Three countries, three ballets

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Three countries, three ballets

Three dance companies that are pillars of ballet in their respective countries will be performing in Seoul over the next two weeks. All three, incidentally, have Korean ballerinas.

Stuttgart Ballet
Monday and Tuesday
Sejong Center for the Performing Arts, Main Theater
Launched in Germany in 1609, the Stuttgart Ballet rose to prominence under the guidance of choreographers and directors such as Jean-Georges Noverre (1759-1766), Filipo Taglioni (1824-1828), August Bruhl (1891) and Oskar Schlemmer (1916-1922). But what is today called the “Stuttgart Ballet miracle” began under the brilliant vision of John Cranko, who began directing the company in 1961. Cranko recruited young dancers from around the world, with whom he staged narrative ballets such as “Romeo and Juliet,” “The Taming of the Shrew” and “Carmen.”
“Onegin” will be the company’s third performance in Korea. Based on Pushkin’s novel “Eugene Onegin,” it was adapted for ballet by Pyotr Ilych Tchaikovsky’s brother, Modeste. Stuttgart first performed it almost 40 years ago.
The performance in Korea will feature Kang Sue-jin, one of Korea’s most internationally acclaimed ballerinas, in the leading role of Tatiana. Kang has “most confidently stepped into [ballerina Marcia] Haydee’s shoes,” writes Critical Dance magazine. Kang studied ballet in Korea and Monte Carlo; she joined Stuttgart Ballet in Germany at the age of 19, after she won the Prix de Lausanne.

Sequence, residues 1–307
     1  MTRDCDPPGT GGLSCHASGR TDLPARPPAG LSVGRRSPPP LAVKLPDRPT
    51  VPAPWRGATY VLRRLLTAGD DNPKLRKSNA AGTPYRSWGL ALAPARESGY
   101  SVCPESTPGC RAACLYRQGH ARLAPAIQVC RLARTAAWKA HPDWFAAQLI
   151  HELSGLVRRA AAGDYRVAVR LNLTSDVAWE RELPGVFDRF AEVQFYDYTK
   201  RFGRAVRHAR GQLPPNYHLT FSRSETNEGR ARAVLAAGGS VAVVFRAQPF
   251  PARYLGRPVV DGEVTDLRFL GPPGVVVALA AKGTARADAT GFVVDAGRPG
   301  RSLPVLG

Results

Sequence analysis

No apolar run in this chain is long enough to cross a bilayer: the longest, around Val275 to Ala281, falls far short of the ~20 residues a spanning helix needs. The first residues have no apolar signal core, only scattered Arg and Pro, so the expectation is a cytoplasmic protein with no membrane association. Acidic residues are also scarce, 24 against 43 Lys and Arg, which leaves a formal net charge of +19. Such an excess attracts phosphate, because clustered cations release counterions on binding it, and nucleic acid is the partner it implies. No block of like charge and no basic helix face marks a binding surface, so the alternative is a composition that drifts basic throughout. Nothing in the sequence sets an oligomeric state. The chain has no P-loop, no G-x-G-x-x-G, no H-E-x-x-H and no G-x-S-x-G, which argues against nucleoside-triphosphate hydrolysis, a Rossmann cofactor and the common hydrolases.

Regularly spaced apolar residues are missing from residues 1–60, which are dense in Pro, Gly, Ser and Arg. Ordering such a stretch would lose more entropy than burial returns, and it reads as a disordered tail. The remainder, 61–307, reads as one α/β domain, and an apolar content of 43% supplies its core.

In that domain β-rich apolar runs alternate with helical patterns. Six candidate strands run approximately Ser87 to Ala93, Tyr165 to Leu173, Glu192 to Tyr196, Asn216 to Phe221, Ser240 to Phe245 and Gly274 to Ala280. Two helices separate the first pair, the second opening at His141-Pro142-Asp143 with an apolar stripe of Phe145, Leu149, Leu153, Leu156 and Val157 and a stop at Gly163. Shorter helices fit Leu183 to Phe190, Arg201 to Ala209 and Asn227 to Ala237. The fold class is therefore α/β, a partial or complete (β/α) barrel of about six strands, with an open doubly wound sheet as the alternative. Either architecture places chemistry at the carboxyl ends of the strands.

Tickets are 50,000 won ($44) to 200,000 won. Call (02) 399-1114.

Kirov Ballet
Sejong Center for the Performing Arts, Main Theater
Oct. 29 to 31
At the age of 14, Yoo Ji-yun left Korea for Russia. Five years later, she became the first non-Russian to be accepted by the prestigious Kirov Ballet. Her debut was as Masha in “The Nutcracker”; she also performed in “Giselle” as Martha in 2001. She will be returning to Korea to take part in “Swan Lake” as one of the four princesses invited to the prince’s birthday party. This performance also marks the first time the Kirov Ballet and Kirov Orchestra will perform together in Korea, under the direction of Mikhail Agrest.
The Kirov Ballet is one of the most prestigious ballet companies in the world; its 250-year history has featured greats such as Leonid Jacobsen, Yuri Grigorovich and Konstantin Sergeyev. The staging chosen for “Swan Lake” is the 1895 choreography by Marius Ptipa, generally considered a more romantic staging then Yuri Grigorvich’s.
Tickets are 50,000 won to 200,000 won. Call (02) 518-7343.

Universal Ballet
Seoul Arts Center
Oct. 29 to Nov. 3
Korea’s Universal Ballet celebrates its 20th anniversary with a staging of “Shim Chung.” This Korean folk tale tells of a daughter’s filial piety towards her father. Her mother dies, her father goes blind, and they live in poverty; when the father discovers that a donation of rice to a temple may restore his sight, Shim Chung sells herself as a sacrifice to a ship about to set sail.
With Julia Moon as general director of Universal Ballet, the performance of this ancient Korean tale is in the tradition of classic Western ballet. This old Korean tale has recently gotten attention in the Western world during the Universal Ballet’s tour of the United States, which included the Kennedy Center Opera House and the Dorothy Chandler Pavilion in Los Angeles.
Tickets are 10,000 won to 100,000 won. Call (02) 2204-1041.

by Joe Yong-hee
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